CHAPTER 4: ‘A DEVASTATING SIGHT’
Straschnitzki: A couple minutes later I woke up. I ended up outside the bus staring directly at the bus, and I saw a couple teammates lying in front of me.
Matthieu Gomercic, Broncos left winger, who was trying to sleep in the back of the bus when he heard the brakes squeal: The next thing I knew, I was picking myself up off the ground and kind of looking around.
Shumlanski: Somebody woke me up, I think, and then I just managed to grab a phone from somebody, just called home to let [my dad] know that they needed to get there as soon as possible.
Straschnitzki: I kept calling out guys’ names and asking if there was anything I could do. All I wanted to do was just help my teammates, but I just couldn’t move my legs. I had a couple teammates lying in front of me. I was in shock and didn’t know what to think.
Myles Shumlanski, Nick’s father: As soon as I came, I knew that it was a disaster. It was a pretty devastating sight…People were getting blankets. You were taking your jackets. You were doing anything to cover these boys. They were in snow and ice and it was very cold.. They were in very bad shape.
Straschnitzki: Nick Shumlanski had blood on his face and he was moaning in pain. Logan Boulet was next to him. Then I saw Bryce Fiske—his head was up and he had blood on his face but I wasn’t sure what was going on. I later found out in the hospital what had happened to him (Fiske survived).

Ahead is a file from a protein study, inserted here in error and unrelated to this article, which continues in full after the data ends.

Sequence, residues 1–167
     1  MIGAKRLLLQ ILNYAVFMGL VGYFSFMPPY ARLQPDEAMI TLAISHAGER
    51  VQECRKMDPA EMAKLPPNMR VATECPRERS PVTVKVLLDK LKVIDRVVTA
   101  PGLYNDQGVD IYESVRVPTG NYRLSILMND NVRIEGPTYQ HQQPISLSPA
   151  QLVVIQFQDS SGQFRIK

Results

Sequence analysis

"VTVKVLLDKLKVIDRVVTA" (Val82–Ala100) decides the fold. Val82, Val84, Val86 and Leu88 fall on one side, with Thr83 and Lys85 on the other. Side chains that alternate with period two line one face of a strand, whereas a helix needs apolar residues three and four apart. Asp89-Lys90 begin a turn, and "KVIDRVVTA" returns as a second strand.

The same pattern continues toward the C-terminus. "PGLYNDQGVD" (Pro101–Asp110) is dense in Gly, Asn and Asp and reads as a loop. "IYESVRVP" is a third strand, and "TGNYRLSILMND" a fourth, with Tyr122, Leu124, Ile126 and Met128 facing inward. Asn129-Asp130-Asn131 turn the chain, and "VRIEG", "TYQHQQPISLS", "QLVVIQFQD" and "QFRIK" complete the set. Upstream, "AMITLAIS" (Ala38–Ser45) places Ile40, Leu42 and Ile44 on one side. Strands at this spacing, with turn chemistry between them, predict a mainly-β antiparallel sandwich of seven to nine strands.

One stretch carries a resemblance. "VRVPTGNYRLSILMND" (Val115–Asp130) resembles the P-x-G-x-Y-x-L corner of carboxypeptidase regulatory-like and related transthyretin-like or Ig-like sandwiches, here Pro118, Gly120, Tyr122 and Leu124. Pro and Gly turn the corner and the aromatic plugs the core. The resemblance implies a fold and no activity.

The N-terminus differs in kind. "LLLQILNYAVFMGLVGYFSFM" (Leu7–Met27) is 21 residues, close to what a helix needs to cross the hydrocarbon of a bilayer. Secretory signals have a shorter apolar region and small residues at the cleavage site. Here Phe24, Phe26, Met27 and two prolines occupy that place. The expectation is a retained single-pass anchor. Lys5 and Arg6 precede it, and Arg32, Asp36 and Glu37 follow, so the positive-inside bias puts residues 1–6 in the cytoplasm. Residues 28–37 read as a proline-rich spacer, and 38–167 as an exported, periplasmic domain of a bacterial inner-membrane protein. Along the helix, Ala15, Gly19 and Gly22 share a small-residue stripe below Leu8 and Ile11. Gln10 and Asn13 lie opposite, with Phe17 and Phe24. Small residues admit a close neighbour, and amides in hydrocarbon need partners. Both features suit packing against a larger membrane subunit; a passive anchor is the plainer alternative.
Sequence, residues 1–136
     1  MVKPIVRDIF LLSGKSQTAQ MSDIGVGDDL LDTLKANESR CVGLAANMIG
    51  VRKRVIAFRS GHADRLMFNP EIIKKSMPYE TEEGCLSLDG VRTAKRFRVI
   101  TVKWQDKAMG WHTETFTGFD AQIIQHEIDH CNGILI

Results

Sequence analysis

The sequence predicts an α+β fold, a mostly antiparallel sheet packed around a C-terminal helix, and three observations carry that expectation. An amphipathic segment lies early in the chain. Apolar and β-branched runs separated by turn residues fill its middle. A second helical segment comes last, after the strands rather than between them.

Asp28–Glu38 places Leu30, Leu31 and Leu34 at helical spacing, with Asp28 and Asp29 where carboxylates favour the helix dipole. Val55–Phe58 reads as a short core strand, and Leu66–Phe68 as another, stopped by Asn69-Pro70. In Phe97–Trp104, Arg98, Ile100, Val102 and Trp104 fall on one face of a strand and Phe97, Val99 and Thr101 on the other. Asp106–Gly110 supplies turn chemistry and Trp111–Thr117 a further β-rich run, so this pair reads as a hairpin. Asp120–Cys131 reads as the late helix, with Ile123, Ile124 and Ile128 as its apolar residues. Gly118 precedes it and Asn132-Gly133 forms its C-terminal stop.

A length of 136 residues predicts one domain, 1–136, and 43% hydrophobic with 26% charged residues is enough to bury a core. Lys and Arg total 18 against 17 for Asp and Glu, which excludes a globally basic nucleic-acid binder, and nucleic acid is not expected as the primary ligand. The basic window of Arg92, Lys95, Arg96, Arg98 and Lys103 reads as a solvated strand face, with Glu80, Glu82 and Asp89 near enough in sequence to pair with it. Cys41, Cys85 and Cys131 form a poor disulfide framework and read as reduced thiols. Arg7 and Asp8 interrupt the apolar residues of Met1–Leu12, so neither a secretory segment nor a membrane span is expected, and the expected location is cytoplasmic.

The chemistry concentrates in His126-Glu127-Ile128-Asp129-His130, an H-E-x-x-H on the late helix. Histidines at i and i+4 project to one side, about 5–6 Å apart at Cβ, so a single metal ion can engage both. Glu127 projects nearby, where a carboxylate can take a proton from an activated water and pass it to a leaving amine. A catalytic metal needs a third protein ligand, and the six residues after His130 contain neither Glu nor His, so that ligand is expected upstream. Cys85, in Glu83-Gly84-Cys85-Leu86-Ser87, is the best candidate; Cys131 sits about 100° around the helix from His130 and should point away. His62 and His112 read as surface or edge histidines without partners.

Gomercic: Finally, I kind of came to and started crying.
Straschnitzki: We had people who had pulled over their cars who didn’t want to lift me because they didn’t know what was wrong—I said I couldn’t feel my legs so they didn’t move my neck and they waited for the ambulance.
Jessica Brost, owner of Northeast EMS in Nipawin: I’ve been in EMS for 13 years and an advanced care paramedic for nine years. I took over the company as owner-operator on April 1st. The staff received it well. It was a secret up until two days prior. Lyle [Moffatt] had a meeting and said he’s retiring. In the next breath, he says we’re taking over.
Lyle Moffatt, former owner of Northeast EMS: I’ve been a paramedic for 32 years. I was doing a fundraiser on April 6th for our community and there were two EMS people at the fundraiser and a couple firemen. One of the firemen’s alarms went off on his pager. He said: ‘I have a crash I have to go to.’ After 32 years, I figured I needed to go to, but it wasn’t my place so I stepped down.